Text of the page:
A lady from Derbyshire has returned to North Devon to thank the RNLI lifeboat crew who rescued her.
Maureen Anderson visited Appledore RNLI to say a personal thank you to the volunteer crew who helped her back to the mainland from Lundy Island more than two years ago.
Maureen was visiting Lundy in February 2018 when she fell down stairs at Castle Keep, breaking her femur.
The volunteer Appledore crew was requested by the Coastguard at 4.45pm for a medical evacuation from the island as weather conditions meant the coastguard rescue helicopter was unable to take off.
The lifeboat battled rough seas on the way to the island, with gale force winds and swells of up to six metres.
Despite not being able to see more than 100 metres ahead in places, the crew arrived at Lundy at 6pm.
With the helicopter stood down due to the weather conditions, Owen Atkinson, Simon McCarthy and Natalie Simmons went ashore to assist Maureen and prepare her for her journey down the island and to the lifeboat for a rough ride back to the mainland.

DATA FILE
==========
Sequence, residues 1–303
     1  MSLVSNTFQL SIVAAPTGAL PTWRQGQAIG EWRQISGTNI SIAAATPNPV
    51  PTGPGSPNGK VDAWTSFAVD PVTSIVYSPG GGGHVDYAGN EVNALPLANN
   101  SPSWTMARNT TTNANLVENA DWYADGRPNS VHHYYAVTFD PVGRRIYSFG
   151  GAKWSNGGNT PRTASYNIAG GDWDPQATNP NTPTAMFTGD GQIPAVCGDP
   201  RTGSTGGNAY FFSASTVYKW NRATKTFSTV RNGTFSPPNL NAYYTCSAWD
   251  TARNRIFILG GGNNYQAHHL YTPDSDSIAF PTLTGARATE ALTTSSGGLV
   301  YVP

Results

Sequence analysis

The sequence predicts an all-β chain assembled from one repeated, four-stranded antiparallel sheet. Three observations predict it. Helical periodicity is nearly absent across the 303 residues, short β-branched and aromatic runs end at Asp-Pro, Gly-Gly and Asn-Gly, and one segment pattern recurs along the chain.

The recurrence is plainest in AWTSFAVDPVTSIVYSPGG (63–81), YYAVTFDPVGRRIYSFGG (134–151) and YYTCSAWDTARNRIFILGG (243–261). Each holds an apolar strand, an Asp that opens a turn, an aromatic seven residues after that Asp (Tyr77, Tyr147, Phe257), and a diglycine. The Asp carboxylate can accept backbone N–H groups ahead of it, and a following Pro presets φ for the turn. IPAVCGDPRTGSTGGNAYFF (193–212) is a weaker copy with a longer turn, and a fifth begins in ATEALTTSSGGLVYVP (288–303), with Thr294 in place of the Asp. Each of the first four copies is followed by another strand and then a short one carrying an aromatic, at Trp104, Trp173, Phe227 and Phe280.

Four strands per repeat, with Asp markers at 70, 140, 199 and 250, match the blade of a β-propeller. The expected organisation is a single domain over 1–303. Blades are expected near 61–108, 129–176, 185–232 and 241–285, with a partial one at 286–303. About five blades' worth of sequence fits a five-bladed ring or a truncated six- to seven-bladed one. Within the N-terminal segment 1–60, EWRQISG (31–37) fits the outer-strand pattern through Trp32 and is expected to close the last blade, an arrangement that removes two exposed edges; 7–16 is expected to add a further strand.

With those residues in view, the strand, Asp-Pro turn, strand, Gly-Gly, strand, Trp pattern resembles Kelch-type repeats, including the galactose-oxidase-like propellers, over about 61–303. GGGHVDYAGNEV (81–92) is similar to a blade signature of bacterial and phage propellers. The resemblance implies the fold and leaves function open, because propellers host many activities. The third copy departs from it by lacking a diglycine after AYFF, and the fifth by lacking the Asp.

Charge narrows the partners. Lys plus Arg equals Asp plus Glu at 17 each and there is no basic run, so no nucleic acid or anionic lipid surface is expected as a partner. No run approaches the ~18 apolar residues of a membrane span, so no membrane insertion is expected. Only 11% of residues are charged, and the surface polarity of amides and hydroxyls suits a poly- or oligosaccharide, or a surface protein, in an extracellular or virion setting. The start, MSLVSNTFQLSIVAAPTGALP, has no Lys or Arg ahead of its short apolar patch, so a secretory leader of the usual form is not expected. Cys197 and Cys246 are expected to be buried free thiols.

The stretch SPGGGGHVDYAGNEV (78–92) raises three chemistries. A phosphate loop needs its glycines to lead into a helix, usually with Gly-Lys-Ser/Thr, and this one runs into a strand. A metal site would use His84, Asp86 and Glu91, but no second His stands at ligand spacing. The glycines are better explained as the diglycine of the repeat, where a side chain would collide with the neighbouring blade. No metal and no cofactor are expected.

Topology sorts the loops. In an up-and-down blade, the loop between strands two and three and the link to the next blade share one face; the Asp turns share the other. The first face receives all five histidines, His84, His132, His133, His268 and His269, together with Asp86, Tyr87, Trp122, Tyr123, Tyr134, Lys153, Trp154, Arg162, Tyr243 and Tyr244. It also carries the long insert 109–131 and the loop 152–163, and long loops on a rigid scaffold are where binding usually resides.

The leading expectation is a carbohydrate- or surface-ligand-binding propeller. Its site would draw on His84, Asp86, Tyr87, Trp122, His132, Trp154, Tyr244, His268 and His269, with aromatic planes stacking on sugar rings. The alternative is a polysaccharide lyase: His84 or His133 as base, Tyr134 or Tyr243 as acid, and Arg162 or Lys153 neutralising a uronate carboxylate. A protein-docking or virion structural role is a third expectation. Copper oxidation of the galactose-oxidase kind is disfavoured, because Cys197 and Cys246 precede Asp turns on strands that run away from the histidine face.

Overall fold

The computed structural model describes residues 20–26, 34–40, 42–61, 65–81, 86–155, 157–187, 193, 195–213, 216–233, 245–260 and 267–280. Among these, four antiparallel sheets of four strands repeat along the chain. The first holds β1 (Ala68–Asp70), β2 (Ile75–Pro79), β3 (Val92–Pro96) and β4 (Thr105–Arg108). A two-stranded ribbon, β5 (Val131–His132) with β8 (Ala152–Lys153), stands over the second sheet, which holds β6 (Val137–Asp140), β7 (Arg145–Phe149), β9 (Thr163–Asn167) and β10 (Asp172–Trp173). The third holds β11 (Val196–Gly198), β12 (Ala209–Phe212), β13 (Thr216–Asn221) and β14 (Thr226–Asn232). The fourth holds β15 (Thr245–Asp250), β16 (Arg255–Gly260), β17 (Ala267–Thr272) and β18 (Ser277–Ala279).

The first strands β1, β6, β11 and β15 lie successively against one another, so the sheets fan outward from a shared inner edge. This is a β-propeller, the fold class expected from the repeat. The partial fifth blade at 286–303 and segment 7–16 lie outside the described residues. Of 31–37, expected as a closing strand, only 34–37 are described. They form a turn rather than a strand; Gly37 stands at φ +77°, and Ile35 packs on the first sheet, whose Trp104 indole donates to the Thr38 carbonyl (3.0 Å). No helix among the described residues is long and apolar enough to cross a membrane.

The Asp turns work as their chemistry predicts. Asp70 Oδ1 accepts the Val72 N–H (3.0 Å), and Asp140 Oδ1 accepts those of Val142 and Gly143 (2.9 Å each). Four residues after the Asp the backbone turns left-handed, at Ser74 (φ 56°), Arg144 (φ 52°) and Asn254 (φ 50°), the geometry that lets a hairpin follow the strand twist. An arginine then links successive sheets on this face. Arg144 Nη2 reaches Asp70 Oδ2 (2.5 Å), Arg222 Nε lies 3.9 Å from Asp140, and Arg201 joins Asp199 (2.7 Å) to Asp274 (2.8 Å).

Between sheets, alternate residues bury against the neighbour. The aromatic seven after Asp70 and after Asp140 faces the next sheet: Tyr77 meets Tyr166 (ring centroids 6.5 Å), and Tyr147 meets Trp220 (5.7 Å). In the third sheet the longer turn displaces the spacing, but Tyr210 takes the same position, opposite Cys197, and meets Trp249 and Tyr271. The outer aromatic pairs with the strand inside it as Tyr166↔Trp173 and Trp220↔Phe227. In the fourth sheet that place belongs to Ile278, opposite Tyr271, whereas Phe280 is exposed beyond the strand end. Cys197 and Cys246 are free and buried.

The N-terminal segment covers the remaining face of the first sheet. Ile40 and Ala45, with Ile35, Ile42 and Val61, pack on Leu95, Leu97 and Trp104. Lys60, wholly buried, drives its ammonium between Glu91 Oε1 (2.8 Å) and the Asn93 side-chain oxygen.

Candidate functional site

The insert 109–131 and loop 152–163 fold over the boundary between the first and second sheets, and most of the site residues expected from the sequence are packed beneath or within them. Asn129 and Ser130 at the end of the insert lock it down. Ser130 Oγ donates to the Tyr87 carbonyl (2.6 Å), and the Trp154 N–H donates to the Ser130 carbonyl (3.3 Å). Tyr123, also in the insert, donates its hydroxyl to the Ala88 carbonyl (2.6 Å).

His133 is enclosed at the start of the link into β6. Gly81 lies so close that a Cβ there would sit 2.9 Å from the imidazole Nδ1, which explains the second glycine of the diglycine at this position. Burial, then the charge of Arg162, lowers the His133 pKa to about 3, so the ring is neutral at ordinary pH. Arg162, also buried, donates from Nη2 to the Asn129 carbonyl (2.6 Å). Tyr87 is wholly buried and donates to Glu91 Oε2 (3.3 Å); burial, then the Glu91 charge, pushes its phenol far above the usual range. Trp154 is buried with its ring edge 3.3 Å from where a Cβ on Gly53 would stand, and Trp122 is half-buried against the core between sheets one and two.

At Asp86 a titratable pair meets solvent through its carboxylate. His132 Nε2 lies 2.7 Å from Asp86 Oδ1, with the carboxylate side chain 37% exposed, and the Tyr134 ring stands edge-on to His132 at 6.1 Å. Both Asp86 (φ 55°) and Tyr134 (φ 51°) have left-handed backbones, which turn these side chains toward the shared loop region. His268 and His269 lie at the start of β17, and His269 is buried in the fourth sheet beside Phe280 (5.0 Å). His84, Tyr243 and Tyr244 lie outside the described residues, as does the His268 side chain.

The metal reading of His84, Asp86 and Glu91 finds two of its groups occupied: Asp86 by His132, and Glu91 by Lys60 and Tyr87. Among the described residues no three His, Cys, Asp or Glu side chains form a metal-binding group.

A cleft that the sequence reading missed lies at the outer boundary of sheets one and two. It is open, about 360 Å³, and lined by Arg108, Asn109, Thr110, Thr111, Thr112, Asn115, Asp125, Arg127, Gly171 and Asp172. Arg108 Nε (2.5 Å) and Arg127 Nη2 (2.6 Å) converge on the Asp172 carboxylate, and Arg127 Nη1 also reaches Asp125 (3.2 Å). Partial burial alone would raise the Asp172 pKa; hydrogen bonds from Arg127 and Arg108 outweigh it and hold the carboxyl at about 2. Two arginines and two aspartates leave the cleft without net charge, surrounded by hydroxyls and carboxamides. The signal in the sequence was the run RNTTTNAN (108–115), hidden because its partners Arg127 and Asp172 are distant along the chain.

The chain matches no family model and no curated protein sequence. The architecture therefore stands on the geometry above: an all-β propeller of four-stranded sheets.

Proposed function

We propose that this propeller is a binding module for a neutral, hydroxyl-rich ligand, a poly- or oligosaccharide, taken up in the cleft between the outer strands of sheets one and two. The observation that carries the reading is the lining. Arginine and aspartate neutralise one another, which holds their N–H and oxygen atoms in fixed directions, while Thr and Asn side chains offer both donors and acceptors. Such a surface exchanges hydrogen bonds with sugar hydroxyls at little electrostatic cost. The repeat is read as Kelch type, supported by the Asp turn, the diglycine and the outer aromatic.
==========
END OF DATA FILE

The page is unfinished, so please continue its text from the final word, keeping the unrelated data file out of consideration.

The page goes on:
The sea level meant the crew took Maureen back to Ilfracombe, and they arrived at 10.25pm for her to be taken to hospital. The crew returned to Appledore at 12.45am – eight hours after launching.
Maureen had a spell at North Devon District Hospital before being transferred back to Derby, and she has battled for some two years to achieve her current mobility. She still finds it difficult to walk any great distance and uses a single crutch.
Maureen made the stop at Appledore on the way back from a short holiday, and said thank you to five of the lifeboat crew who came to rescue her that day.
She expressed her gratitude to the crew for their efforts in bringing her back safely from Lundy, and spent an hour and a half at the station having a socially distanced chat with the crew.
Owen Atkinson, Appledore RNLI mechanic and casualty carer said: “It is so nice to receive follow up about how a casualty gets on after we have helped them, and really good to see Maureen back on her feet, enjoying life.
“Fortunately for Maureen, with a westerly wind, although gale force, we had a following sea to Ilfracombe and were not cutting straight into the waves, making conditions a little easier for her.”